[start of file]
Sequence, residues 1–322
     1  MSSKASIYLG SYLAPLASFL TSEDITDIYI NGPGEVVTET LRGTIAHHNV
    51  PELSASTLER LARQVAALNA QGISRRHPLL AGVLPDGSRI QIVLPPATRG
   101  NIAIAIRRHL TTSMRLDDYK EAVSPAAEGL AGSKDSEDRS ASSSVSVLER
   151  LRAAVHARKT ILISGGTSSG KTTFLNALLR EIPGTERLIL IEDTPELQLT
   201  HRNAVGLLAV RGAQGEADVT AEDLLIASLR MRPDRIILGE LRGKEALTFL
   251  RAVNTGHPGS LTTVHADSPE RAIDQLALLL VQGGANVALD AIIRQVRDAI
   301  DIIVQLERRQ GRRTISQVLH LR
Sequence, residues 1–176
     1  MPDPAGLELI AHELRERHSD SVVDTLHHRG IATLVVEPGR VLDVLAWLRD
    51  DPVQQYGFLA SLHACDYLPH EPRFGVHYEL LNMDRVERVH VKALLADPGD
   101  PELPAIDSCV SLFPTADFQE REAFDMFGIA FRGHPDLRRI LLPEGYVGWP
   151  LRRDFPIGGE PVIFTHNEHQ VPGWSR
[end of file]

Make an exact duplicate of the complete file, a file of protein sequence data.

Sequence, residues 1–322
     1  MSSKASIYLG SYLAPLASFL TSEDITDIYI NGPGEVVTET LRGTIAHHNV
    51  PELSASTLER LARQVAALNA QGISRRHPLL AGVLPDGSRI QIVLPPATRG
   101  NIAIAIRRHL TTSMRLDDYK EAVSPAAEGL AGSKDSEDRS ASSSVSVLER
   151  LRAAVHARKT ILISGGTSSG KTTFLNALLR EIPGTERLIL IEDTPELQLT
   201  HRNAVGLLAV RGAQGEADVT AEDLLIASLR MRPDRIILGE LRGKEALTFL
   251  RAVNTGHPGS LTTVHADSPE RAIDQLALLL VQGGANVALD AIIRQVRDAI
   301  DIIVQLERRQ GRRTISQVLH LR
Sequence, residues 1–176
     1  MPDPAGLELI AHELRERHSD SVVDTLHHRG IATLVVEPGR VLDVLAWLRD
    51  DPVQQYGFLA SLHACDYLPH EPRFGVHYEL LNMDRVERVH VKALLADPGD
   101  PELPAIDSCV SLFPTADFQE REAFDMFGIA FRGHPDLRRI LLPEGYVGWP
   151  LRRDFPIGGE PVIFTHNEHQ VPGWSR